People whose names have changed, through adoption or marriage, will be at an additional disadvantage. People born at home -- a not-so-insignificant number of people in Texas -- don't have a birth certificate, and as such will likewise be inconvenienced at best and disenfranchised at worst.
This is bad legislation with nefarious intent: suppressing the vote under the guise of a concern for a problem which exists only in the imagination of men like Karl Rove.
Contact your state representative and tell them to vote NO. Look up your state rep with this link.
Update (4/17): Paul Burka and I are in complete agreement.
Sunday, April 15, 2007
-- The guy who got Pipped by Jackie Robinson lives in Houston.
-- The fried chicken that saved New Orleans. I can't wait to eat it soon.
-- Brian Williams on blogging:
“You’re going to be up against people who have an opinion, a modem, and a bathrobe. All of my life, developing credentials to cover my field of work, and now I’m up against a guy named Vinny in an efficiency apartment in the Bronx who hasn’t left the efficiency apartment in two years.”
That sounds like the Vinny I know. It also sounds like Angie, rachel, Claude, and about a dozen other aliases he/she uses. And if Vinny is providing better information than Williams, what does that say about them? And NBC?
Here's an idea, Brian: do your job so we bloggers don't have to.
And for Jeebus' sake, who actually blogs in a bathrobe? I always go al fresco.
-- The Blogger's Code of Ethics just isn't for me, either.
-- The Price is Right Wing, with Tucker Carlson!
-- A dirty hippie blogs from Baghdad. Here's her blog. Thanks to the Lone Star Iconoclast for making sure the truth gets told, like always.
Friday, April 13, 2007
Don Imus' firing Thursday was the result of a collision between mainstream popular culture and hip-hop culture. This generational and cultural debate has been fueled by the concept of "you people," whoever they — or we — are.
Imus testily used those words during his appearance on the Rev. Al Sharpton's radio show Monday. "You people" seemed directed at Sharpton and other activists more than African-Americans as a whole, unlike Ross Perot's use of that phrase during his 1992 presidential run.
Hip-hop has enjoyed tremendous crossover success. For better or worse, depending on one's tastes, it's unavoidable. And rap has, for years, been built on its street credibility, reflected in no small part in its slanguage. There are regional shorthands for cars, neighborhoods and other, more unsavory things. Hip-hop's impact explains how the phrase "nappy-headed hos" ever found its way to Imus' microphone.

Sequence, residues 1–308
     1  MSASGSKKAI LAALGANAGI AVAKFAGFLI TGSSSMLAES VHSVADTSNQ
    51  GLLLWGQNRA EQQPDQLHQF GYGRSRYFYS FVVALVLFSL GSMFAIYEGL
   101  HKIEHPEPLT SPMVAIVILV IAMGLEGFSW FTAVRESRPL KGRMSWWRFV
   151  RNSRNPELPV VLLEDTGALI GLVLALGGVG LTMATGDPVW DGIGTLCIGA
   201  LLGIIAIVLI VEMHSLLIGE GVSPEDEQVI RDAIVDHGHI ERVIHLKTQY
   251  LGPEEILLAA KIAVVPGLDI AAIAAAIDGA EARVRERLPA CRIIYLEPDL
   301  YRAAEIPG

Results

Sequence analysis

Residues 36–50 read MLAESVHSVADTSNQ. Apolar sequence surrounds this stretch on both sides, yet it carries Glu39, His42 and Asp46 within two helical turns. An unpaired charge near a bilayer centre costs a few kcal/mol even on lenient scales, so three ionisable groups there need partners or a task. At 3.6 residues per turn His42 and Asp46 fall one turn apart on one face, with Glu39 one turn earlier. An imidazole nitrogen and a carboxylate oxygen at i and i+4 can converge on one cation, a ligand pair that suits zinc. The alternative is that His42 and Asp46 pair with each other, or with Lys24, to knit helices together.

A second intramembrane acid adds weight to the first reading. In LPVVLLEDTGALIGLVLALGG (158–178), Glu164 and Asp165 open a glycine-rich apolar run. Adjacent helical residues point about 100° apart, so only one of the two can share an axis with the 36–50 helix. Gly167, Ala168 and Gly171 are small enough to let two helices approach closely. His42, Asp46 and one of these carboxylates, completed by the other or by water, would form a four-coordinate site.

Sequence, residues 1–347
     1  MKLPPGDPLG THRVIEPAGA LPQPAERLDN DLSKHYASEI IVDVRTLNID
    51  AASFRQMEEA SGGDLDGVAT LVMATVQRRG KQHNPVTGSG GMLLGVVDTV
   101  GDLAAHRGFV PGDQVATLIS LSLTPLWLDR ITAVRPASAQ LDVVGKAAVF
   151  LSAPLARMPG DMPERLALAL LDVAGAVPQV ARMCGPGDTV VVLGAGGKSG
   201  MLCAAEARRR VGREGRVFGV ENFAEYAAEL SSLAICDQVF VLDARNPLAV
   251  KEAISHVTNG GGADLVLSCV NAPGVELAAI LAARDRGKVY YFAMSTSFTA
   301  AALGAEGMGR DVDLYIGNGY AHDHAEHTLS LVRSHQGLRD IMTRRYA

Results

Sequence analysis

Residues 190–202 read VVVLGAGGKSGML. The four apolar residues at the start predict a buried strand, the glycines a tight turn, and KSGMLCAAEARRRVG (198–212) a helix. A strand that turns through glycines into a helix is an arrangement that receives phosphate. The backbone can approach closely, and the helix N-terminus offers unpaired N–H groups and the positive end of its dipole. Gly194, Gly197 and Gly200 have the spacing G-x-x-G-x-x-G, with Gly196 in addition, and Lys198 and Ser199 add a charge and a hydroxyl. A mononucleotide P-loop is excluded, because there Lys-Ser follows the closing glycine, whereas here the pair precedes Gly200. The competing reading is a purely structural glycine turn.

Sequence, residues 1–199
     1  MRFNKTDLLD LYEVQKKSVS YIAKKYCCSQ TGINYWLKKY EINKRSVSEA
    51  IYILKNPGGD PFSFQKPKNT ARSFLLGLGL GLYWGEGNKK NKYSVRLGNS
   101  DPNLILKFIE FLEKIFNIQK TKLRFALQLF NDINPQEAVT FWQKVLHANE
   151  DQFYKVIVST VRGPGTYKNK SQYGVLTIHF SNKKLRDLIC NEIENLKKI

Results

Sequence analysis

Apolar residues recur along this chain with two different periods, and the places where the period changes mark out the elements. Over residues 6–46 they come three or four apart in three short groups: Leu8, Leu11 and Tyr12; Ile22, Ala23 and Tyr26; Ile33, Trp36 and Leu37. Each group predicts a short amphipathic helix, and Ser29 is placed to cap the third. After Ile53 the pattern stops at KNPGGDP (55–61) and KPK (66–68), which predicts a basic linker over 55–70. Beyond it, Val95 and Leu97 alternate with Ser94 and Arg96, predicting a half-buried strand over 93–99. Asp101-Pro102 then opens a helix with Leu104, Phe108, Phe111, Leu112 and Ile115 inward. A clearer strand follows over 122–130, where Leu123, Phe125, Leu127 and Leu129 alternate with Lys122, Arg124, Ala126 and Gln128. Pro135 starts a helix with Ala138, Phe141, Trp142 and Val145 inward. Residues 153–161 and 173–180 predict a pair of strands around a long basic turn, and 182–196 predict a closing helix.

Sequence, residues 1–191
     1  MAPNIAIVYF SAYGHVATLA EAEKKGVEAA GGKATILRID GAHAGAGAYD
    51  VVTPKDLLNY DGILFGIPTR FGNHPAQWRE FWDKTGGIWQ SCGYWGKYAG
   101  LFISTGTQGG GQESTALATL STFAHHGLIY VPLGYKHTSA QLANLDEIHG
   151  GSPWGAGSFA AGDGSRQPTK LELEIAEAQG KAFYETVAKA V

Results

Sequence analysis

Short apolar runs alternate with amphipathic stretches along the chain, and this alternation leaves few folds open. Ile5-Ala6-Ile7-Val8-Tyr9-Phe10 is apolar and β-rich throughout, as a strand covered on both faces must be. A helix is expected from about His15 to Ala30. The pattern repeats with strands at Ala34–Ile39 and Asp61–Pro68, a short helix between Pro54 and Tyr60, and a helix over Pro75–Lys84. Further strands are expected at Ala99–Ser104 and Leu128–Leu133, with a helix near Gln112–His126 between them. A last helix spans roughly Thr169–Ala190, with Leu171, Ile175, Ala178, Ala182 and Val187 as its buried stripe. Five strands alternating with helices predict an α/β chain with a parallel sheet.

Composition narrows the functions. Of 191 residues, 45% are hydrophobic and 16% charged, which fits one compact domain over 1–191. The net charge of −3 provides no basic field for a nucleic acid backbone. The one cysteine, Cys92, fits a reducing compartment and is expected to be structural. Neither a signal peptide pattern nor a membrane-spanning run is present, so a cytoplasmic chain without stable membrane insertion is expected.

"How can we ignore the problem that every 12-year-old in the country knows this phrase?" asks comedian-turned-gubernatorial candidate Kinky Friedman, who also has been accused of being a racist and sexist. "And we're giving Grammys to guys for using the same phrase that gets Imus fired."
Are some words simply the sole property for use only by certain (race-specific) people?
Can words or symbols be "owned" and repurposed? The theory that the rampant use of the n-word in hip-hop has removed its poison is faulty. Ask comedian Michael Richards. Or better yet, ask the black audience members at his comedy show that turned into an epithet-filled meltdown, complete with threats.
Salikoko S. Mufwene, a professor of linguistics at the University of Chicago, says, "It's a matter of who has authority in language. There are certain terms used in the African-American community that are not licensed to other people."
I'm looking forward to seeing where this goes. If you want the conservative talking point go read these comments.
Thursday, April 12, 2007
The author speaking at a rally against the Persian Gulf war in 1991.
The first book of his that I read was Breakfast of Champions, in 1974. I was a high school sophomore and thought I had just found some key to the universe. Here's what the NYT Book Review wrote when it was published the previous year:
You have to hand it to Kurt Vonnegut Jr. In his eighth novel, "Breakfast of Champions, or Goodbye Blue Monday," he performs considerable complex magic. He makes pornography seem like any old plumbing, violence like lovemaking, innocence like evil, and guilt like child's play. He wheels out all the latest fashionable complaints about America--her racism, her gift for destroying language, her technological greed and selfishness--and makes them seem fresh, funny, outrageous, hateful, and lovable, all at the same time. He draws pictures, for God's sake--simple, rough, yet surprisingly seductive sketches of everything from Volkswagens to electric chairs. He weaves into his plot a dozen or so glorious synopses of Vonnegut stories one almost wishes were fleshed out into whole books. He very nearly levitates.
Vonnegut was the greatest American novelist of our generation. That's only my humble o, but also certainly that of many others. Few writers have really grasped my mind around its figurative throat and shaken it like a dog with a rag as he did.